Feeding on weeds

No need to spray Roundup on that invasive plant. Instead harvest it for lunch.

Mr. Reno says Euell Gibbons used to live on berries, pine cones and Grape Nuts …

Mr. Reno says Euell Gibbons used to live on berries, pine cones and Grape Nuts …

Photo By David Robert

His feet sink into the soggy mud. He reaches for a cattail, sticks his hand down into the marshy goo and pulls up the plant by its root—or its rhizome, to be botanically correct. He holds out the dripping plant.

“Is this it?” the student asks our instructor, Evert Broderick.

Yup, that’s what we’re digging for—lunch.

Not that we’re exactly starving. Broderick, 47, the instructor for TMCC’s Edible and Medicinal Plant Workshop, has fed us weeds since early this morning. I’m tagging along with Broderick, his partner, Kim Powers, and about 18 students who are learning where to dig for desert onions, how to harvest chokecherries and the many uses of mugwort.

The cattail is rinsed and peeled. The edible part is a tender inner portion of the stalk near the base. I take a piece. It’s layered like an onion but mildly sweet. Definitely an improvement over the stringy white starchy stuff in the rhizome I’d just eaten.

Just so happens you can eat many parts of a cattail, Broderick tells us.

We aren’t surprised. In the past six hours, we’ve eaten parts of cottonwood trees, pineapple weed, tumbleweed, thistles, steamed milkweed flowers, wood roses and even stinging nettles (also steamed). We’ve hiked up hills to clumps of ephedra—and sampled Mormon tea. We’ve eaten weeds I recognize from my back yard, like common mallow, a deep-rooted bugger that sets up shop in my decorative rock.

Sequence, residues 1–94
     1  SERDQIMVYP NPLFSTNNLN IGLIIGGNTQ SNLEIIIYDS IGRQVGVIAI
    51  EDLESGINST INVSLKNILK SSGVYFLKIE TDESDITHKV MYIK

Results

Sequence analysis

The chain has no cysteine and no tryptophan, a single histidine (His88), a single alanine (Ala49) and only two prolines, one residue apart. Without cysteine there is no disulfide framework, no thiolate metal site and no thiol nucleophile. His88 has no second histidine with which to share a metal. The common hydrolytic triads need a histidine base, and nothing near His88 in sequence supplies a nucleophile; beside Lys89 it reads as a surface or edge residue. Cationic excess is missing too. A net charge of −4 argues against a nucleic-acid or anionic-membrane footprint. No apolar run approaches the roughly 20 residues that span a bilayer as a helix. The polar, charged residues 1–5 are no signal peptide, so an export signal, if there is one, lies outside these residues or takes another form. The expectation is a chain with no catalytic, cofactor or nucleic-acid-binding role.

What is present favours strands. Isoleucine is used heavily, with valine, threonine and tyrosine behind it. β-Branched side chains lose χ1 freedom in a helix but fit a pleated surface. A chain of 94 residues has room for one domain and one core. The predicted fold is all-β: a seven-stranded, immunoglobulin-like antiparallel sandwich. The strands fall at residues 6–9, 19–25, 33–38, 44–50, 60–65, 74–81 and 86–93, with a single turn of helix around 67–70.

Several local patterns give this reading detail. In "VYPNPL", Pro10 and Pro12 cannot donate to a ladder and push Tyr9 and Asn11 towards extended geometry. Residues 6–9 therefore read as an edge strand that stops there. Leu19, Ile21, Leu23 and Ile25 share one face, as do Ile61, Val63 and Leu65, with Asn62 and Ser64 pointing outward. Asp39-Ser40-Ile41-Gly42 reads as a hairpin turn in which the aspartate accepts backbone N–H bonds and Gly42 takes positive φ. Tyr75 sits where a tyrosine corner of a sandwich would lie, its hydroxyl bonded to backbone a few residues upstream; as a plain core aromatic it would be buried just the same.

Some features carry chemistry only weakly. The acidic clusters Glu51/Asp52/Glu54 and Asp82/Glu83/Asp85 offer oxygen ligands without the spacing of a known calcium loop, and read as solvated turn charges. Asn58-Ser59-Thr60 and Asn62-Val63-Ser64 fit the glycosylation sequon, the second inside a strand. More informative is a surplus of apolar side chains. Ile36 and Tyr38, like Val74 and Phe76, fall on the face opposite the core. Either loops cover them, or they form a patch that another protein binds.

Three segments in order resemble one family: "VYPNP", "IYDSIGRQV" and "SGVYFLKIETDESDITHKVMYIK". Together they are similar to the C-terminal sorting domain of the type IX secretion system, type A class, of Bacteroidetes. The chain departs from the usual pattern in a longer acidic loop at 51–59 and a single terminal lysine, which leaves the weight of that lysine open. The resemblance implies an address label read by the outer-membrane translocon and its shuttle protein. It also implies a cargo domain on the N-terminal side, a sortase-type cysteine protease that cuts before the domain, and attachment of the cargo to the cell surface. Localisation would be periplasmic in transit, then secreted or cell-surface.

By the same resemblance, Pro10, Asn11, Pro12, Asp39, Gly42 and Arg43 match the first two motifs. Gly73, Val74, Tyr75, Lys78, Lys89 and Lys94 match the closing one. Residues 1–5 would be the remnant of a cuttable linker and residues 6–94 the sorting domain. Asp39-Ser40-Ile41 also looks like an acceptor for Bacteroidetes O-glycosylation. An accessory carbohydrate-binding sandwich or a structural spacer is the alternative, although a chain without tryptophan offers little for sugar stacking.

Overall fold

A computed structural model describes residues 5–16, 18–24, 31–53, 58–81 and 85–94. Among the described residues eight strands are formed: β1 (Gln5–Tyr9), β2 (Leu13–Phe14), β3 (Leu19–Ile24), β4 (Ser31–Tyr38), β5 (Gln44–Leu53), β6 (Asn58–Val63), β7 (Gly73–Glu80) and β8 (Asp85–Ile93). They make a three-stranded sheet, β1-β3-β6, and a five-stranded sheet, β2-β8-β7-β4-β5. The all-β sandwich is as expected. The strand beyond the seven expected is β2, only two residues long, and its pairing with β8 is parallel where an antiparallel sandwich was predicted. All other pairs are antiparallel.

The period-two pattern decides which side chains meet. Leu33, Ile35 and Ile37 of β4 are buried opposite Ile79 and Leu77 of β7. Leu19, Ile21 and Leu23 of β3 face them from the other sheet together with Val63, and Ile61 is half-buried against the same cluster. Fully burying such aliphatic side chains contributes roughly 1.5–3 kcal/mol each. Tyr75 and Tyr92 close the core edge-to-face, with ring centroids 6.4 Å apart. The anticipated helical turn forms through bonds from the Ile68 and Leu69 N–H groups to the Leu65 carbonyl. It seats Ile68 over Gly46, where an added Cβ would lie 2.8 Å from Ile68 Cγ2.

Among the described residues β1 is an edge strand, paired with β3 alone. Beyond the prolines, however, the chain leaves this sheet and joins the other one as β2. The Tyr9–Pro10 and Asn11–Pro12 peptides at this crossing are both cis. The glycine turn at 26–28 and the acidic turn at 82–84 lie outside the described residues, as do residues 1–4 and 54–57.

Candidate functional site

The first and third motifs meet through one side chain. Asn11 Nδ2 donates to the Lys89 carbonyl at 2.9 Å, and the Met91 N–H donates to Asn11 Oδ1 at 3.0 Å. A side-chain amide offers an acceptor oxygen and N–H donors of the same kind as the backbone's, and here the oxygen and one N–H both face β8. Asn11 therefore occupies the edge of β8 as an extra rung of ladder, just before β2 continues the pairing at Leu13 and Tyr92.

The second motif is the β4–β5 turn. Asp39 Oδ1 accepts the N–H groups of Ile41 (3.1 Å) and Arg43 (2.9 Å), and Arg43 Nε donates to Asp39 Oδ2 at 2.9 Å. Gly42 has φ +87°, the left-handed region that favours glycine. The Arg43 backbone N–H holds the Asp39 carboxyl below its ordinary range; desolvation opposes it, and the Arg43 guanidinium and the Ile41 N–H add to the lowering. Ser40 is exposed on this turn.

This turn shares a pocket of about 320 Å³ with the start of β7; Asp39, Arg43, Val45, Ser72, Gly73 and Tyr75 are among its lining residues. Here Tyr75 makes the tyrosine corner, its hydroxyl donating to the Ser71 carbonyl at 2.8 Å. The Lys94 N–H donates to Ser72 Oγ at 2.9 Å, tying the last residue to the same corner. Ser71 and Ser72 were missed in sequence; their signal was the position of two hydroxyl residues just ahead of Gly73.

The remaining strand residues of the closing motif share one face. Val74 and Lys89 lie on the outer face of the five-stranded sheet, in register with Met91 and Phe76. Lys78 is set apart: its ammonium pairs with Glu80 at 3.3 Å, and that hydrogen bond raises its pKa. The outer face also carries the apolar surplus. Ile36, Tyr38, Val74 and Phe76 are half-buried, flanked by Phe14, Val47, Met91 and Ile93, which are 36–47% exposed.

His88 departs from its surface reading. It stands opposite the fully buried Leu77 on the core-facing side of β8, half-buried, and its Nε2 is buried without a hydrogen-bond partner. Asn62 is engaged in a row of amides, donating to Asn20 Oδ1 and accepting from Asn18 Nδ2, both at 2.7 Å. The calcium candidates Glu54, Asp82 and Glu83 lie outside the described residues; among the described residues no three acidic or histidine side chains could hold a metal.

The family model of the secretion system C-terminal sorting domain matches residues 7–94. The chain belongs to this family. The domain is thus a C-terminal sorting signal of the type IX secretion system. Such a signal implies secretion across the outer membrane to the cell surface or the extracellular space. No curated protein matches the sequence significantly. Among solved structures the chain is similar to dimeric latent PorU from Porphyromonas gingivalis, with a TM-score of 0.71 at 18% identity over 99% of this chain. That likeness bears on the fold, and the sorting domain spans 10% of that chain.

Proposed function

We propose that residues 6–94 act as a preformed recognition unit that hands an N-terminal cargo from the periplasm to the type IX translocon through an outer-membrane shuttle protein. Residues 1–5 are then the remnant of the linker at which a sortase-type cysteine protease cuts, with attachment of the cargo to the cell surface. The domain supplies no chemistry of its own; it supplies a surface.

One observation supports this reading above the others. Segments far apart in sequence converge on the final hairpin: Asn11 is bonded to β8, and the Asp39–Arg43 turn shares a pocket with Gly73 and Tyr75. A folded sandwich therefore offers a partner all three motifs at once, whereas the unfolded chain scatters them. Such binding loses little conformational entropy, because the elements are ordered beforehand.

So cattail? Why not?

Rhizomes. Stalks. In late spring, the enlarged, green, hot-dog shaped portion of a cattail can be boiled or steamed and eaten like corn-on-the-cob. Mmm. But that’s not all.

“Euell Gibbons calls cattails the ‘supermarket of the swamp,'” Broderick says, referring to a widely read naturalist. He holds up a container of fine yellow powder—pollen.

Cattail pollen was a staple in the diet of the Stillwater Paiutes, who used it as a kind of flour.

Broderick flings a handful of pollen into his mouth. He can’t talk for 30 seconds. Then he cautions us against inhaling pollen and says the powder is dry.

“Like peanut butter?” someone asks. “Does it stick to the roof of your mouth?”

He passes around the pollen. I sample a spoonful. Not bad. Rich, sweet—finely textured.

One woman points out a weed growing at the edge of the marshy area.

“Hey, is this like a wild parsley?”

“No, that’s poison hemlock,” Broderick says. “Let’s take a look at it. Every year, people die in the United States eating hemlock after mistaking it for an edible plant.”

It’s good to know what not to eat, we agree.

Unfortunately, Mr. Reno made the common mistake of confusing the edible camus with its similar-looking cousin, death camus.

Photo By David Robert

While we’re smelling hemlock and taping a sprig into our plant ID binders, Powers pulls a treat out of her pack.

“I’ve got cattail pollen cookies!” she says.

Broderick, looking the part of lean, tan explorer, wears a blue outdoorsman shirt, well-worn sandals and tan North Face shorts with odd circular patterns. He wore these shorts on a hike through a cloud forest in northern Ecuador last year. A guide took a fig from a parasitic plant, cut it in half and stamped the resinous dye on his clothes.